This is a key concept in women’s studies and feminist theory, with a focus on topics of control over women’s bodies, corporeal diversities, and critiques of gender dichotomy and essentialism.
Discourses about gender affect bodies in different ways, namely through informing the appearances or competencies of girls and boys, women and men, or through generalising narratives about anatomy, physiology and other bodily characteristics of the genders. Due to the ubiquity of (new) media and popular science discourses on women’s and men’s roles in their assumed direct relation with corporeality, these discourses hold significant prescriptive power.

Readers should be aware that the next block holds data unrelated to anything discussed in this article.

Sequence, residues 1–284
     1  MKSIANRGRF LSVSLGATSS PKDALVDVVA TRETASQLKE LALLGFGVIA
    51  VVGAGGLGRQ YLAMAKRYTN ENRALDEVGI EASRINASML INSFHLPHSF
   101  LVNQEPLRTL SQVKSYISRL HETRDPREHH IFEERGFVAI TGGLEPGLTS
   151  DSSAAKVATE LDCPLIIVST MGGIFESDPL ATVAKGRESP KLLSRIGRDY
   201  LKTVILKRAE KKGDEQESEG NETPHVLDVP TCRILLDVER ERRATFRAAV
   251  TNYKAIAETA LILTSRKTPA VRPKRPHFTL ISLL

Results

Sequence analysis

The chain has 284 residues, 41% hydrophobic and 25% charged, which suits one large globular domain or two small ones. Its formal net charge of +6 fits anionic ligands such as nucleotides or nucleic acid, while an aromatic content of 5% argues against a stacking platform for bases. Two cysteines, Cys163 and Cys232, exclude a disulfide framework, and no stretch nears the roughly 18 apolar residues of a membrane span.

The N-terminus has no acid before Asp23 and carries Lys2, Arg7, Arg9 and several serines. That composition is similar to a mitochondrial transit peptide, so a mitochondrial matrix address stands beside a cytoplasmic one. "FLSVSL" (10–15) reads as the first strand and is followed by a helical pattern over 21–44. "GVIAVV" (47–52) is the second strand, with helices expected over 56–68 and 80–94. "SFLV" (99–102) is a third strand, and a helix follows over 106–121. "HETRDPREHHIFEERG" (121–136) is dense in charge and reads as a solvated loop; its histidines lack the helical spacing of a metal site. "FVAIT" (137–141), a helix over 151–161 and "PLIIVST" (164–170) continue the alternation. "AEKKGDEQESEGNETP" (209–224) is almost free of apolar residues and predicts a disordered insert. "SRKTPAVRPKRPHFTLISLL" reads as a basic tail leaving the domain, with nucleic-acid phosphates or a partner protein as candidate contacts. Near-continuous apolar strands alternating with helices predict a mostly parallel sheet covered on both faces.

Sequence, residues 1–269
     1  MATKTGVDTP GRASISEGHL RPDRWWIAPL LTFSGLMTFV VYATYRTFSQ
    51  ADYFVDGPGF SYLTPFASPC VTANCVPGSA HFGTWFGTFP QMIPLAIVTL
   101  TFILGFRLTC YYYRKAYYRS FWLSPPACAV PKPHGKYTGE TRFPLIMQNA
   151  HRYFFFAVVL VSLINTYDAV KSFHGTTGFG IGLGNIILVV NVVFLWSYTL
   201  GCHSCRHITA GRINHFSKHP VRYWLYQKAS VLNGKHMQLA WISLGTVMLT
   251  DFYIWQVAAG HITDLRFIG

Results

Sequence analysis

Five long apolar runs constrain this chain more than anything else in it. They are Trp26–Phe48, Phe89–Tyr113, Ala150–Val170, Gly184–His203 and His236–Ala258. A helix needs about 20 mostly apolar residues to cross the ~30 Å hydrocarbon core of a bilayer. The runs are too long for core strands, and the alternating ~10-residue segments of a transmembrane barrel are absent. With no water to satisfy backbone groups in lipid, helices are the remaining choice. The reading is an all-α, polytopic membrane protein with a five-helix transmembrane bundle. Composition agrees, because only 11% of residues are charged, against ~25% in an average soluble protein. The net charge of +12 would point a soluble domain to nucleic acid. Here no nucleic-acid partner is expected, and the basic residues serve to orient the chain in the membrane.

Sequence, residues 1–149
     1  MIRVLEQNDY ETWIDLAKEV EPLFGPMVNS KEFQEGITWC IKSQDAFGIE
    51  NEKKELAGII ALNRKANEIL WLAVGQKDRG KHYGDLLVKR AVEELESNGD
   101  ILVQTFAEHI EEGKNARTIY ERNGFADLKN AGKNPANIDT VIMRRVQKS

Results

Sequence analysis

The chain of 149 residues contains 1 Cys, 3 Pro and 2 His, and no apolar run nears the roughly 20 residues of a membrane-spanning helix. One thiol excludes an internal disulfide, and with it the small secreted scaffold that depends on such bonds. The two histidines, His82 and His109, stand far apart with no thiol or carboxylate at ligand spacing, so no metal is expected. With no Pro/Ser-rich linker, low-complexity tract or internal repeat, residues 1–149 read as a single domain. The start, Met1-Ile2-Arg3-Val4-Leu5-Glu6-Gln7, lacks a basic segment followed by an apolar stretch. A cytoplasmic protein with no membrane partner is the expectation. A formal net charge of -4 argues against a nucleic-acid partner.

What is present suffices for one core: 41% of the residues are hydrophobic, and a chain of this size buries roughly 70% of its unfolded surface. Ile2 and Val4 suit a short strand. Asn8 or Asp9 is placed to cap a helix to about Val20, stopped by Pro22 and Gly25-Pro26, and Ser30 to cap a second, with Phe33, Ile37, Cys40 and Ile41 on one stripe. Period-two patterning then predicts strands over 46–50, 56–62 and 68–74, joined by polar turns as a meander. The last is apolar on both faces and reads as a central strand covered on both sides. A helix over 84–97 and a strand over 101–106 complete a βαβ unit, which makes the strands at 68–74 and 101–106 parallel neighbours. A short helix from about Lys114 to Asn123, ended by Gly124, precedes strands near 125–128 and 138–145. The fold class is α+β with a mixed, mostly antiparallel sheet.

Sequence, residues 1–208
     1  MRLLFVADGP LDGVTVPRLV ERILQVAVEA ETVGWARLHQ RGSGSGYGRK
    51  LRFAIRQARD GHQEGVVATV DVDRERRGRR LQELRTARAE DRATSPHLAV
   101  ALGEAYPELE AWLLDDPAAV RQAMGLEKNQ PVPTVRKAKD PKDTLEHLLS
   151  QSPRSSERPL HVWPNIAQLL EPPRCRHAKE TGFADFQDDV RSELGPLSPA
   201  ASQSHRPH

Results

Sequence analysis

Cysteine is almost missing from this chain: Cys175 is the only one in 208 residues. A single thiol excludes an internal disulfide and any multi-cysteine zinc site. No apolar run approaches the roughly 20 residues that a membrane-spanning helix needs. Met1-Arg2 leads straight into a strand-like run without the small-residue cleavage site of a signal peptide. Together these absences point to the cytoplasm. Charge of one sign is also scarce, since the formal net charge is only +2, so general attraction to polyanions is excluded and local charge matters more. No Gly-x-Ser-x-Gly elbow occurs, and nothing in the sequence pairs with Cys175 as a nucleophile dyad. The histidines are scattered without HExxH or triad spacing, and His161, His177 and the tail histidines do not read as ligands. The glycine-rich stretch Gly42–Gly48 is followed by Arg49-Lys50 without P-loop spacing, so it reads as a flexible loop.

(1) Pilcher, J., and Whelehan, I. (2004). Fifty Key Concepts in Gender Studies, London, Thousand Oaks;
(2) Šribar, R. (2015), ‘Glossary of common terms in gender equality and feminist theory’, in M. Ule, R. Šribar and A. U. Venturini, eds., Gendering Science: Slovenian Surveys and Studies in the EU Paradigms, Vienna, Echoraum.